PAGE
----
Study: Facebook Posts to Brands’ Pages Fall on Deaf Ears

A total of 87 percent of posts to brands’ Facebook pages were never answered at all, according to a recent study by social analytics and reporting firm Locowise.

A total of 87 percent of posts to brands’ Facebook pages were never answered at all, according to a recent study by social analytics and reporting firm Locowise.

Locowise studied more than 900 pages with nearly 300 million likes throughout the month of May, and it found that:

  • 51 percent of pages studied allow users to post on their Timelines.
  • 67 percent saw fewer than 10 posts in May, while 29 percent received between 10 and 99, and just 4 percent attracted more than 100 posts.
  • The ratio worked out to one post for every 22,500 likes.
  • 65 percent of pages that enable users to post to their Timelines did not respond to a single post, meaning that nearly 4,000 posts were ignored.
  • Active pages responded to 37 percent of posts.
  • 10.5 percent of pages responded to all posts on their timelines, but those pages had three or fewer posts.
  • 33 percent of users who posted received responses within one hour.

Locowise also offered the following takeaways for page administrators:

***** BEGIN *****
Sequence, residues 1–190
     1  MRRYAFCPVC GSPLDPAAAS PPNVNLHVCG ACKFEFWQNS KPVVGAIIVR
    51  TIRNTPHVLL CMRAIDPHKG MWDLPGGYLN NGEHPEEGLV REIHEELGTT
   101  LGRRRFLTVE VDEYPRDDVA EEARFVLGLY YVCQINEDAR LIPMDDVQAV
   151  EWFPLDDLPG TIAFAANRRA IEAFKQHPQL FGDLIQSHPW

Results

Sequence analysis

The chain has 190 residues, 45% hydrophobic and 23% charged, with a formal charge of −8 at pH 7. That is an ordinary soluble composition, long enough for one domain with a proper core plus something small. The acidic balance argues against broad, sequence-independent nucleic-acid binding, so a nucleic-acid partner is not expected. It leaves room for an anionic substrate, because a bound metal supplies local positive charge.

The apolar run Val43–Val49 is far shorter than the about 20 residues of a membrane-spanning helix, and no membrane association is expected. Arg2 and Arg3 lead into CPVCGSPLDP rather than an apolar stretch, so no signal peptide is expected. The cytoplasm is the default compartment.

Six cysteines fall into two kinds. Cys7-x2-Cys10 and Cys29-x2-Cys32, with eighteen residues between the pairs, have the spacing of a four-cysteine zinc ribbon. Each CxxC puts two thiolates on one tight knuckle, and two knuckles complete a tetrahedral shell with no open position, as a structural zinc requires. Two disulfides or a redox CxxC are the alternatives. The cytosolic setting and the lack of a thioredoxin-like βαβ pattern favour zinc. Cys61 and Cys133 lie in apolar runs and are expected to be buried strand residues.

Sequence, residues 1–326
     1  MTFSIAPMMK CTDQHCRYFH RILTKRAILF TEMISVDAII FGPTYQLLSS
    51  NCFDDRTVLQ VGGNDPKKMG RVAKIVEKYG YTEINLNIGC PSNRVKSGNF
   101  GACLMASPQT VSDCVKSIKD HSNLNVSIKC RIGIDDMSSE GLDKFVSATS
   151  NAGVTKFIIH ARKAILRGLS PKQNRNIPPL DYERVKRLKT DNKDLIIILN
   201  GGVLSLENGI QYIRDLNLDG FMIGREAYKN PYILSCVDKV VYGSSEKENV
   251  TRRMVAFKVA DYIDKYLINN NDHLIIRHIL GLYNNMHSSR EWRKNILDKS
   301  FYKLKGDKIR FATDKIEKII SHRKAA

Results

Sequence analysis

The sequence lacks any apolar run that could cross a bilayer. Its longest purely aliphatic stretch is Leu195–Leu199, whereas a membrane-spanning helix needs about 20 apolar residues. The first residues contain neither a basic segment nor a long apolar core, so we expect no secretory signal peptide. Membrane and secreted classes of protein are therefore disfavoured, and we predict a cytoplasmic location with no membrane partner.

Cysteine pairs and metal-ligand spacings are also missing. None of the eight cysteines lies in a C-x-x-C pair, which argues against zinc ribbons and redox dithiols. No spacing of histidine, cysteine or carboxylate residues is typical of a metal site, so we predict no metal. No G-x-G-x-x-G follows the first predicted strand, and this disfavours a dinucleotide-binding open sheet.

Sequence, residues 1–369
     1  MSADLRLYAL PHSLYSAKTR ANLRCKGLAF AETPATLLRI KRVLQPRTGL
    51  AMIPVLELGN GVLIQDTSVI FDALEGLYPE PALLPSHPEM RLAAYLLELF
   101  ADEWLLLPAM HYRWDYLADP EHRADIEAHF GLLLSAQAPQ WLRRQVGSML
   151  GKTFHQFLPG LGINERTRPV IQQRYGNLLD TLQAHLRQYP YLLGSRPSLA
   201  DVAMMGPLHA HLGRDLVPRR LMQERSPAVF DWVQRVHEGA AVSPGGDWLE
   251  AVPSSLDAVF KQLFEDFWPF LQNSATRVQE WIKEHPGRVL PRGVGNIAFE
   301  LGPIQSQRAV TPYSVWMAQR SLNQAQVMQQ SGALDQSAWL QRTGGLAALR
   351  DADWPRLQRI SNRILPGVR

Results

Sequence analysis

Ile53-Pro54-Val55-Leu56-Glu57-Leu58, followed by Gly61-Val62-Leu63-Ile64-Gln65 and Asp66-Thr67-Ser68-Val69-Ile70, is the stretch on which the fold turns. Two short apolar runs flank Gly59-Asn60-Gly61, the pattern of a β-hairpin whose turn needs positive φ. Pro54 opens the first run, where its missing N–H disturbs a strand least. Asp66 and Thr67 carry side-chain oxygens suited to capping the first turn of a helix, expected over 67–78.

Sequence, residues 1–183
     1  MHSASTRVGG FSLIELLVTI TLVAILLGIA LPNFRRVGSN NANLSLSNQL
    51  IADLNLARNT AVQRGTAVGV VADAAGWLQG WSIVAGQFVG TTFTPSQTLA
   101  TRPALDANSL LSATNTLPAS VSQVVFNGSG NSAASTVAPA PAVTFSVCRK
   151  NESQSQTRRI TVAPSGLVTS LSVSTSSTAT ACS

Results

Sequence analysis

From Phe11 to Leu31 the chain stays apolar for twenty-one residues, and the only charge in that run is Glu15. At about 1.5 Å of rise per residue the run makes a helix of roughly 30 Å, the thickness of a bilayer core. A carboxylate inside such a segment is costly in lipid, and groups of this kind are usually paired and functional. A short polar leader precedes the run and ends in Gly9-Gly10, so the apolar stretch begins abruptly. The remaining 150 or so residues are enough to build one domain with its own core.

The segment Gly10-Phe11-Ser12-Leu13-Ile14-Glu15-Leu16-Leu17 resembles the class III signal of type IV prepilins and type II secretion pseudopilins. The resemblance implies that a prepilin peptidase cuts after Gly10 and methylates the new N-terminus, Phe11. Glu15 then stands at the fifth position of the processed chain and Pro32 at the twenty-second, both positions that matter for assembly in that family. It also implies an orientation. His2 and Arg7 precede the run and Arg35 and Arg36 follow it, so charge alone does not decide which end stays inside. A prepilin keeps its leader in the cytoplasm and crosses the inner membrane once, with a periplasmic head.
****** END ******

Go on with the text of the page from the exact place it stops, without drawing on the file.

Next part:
• If you don’t plan to take the time to review and respond to the posts on your page, do disable this feature. It doesn’t look good for a brand to enable this publishing ability but then ignore all or the majority of the posts that they receive. Focus on other things instead.
  • You don’t necessarily need to go the extra mile. Responses do not need to be very advanced and take you a long time. You could simply thank the customer for the feedback or point the customer to the FAQ section of your official site.
  • How can you integrate your customer-support team into your social media workflow? Some questions might not have simple responses, so getting a customer-support representative to reply would be ideal. Your customer-support team could access your Facebook page and seek out posts to respond to. Or you could ping them the questions manually and they can send you a response for you to post. While waiting to hear back from your customer-support team, a simple, “Thanks, we’re looking into this and will get back to you shortly,” will suffice.
  • What response rate should you look to achieve? Ideally, you should acknowledge every post that you get, if nothing else than just to say, “Thanks for being a fan.” Your customers are taking their time to write to you, so they should hear something back. If you’re not able to respond to all posts, you should at the very least respond to any posts that raise concerns or complain about your product or service.

Readers: What have your customer-service experiences been like on Facebook?


Image of CSRs courtesy of Shutterstock. David Cohen is editor of Adweek's Social Pro Daily.